I spent the second half of my recent trip to Japan in Kyoto (京都); formerly the imperial capital of the country which carries the reputation as its most beautiful city. Having taken an early morning Shinkansen bullet train from Tokyo I arrived a little over two hours later at what must be one of the most magnificent stations I’ve ever seen…
Quite at odds with Kyoto’s historical image its towering glass and steel roof stands 70 meters high and 470 meters from east to west. As well as a variety of shops and restaurants on the way out you’ll find a tourist information center which offers useful maps in English and other languages (be sure to pick up the BusNavi map).
After getting my bearings I hopped on a bus to explore Southern Higashiyama (東山区) nearby, my first stop being Sanjūsangen-dō Temple (三十三間堂). The long main hall contains 1000 life-size statues of the Thousand Armed Kannon deity made from Japanese cypress – quite a sight but unfortunately photography is forbidden inside.
The clouds overhead has been looking ominous since my arrive and at this point it started to rain. If you’ve ever tried taking photos while carrying a bag and umbrella then you’ll know how hard it is! Luckily Kyoto remains photogenic whatever the weather.
Kyoto was largely spared from bombing during the Second World War so thankfully is one of the few Japanese cities that still has an abundance of prewar buildings, such as the traditional shops and houses seen here known as Machiya (町屋/町家).
As I wandered through the narrow streets I occasionally spotted girls wearing colourful kimonos (着物) – apparently dressing in traditional outfits allows locals to ride the buses for free – seems like an ingenious idea to keep their cultural heritage alive.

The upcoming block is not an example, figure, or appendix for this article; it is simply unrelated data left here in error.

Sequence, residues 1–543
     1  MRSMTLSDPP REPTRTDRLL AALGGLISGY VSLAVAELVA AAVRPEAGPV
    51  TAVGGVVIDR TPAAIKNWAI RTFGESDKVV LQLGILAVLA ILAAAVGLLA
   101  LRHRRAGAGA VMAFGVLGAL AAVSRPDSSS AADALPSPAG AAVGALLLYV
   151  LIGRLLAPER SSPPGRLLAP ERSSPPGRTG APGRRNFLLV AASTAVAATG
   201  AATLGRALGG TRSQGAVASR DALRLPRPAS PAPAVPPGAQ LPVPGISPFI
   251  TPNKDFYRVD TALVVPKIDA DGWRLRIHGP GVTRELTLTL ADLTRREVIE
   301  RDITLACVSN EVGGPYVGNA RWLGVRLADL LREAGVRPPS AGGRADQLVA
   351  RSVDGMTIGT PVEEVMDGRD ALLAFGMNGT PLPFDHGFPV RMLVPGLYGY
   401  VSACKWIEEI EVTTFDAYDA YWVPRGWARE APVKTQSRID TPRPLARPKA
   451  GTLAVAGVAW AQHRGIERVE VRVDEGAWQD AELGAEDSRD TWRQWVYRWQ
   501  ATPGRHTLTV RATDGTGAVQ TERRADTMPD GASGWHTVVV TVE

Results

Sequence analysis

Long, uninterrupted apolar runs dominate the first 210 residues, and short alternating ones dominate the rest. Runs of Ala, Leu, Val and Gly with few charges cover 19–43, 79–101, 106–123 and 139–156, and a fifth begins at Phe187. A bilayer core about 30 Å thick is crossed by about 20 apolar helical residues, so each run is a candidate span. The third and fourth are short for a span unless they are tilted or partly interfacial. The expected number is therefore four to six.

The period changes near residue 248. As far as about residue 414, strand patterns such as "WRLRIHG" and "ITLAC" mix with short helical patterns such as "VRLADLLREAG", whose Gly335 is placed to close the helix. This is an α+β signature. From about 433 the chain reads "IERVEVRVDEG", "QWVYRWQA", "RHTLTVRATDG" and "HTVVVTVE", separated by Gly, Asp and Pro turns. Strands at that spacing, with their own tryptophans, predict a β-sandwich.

High quality hand-made kimonos are hugely expensive and the full kit can exceed $20,000 USD – not something you want to get wet! Cheaper machine-made fabrics can be substituted significantly reducing the price.
The next point of interest I visited was Kiyomizu-dera (清水寺) Buddhist temple which dates back to 798 and is a UNESCO World Heritage site. Kiyomizu means clear or pure water and the temple takes its name from the waterfall within the complex. Drinking the water is supposed to have various benefits and there was a long queue of people waiting for a taste.
The main hall has a large veranda, supported by tall pillars, that juts out over the hillside and offers impressive views of the city as well as some interesting history…
“The popular expression “to jump off the stage at Kiyomizu” is the Japanese equivalent of the English expression “to take the plunge”. This refers to an Edo period tradition that held that, if one were to survive a 13m jump from the stage, one’s wish would be granted. Two hundred thirty-four jumps were recorded in the Edo period and, of those, 85.4% survived. The practice is now prohibited.”
On my way out I spotted this old fella with an awesome hat standing perfectly still – I wasn’t sure whether he was soliciting donations for the temple or a beggar but given his outfit I suspect the former.
It had been drizzling up until this point but as I walked back down the hill through the Higashiyama district it began raining in earnest. I was beginning to worry that the next few days would be a wash out but luckily when you’re travelling alone the only person to get in a bad mood with is yourself!
I took shelter in the entrance to another temple to wait for the rain to stop but it stubbornly refused to do so. In the end I made a dash for the nearest metro station and went to find the hostel I would be staying at for the night. More from Kyoto soon.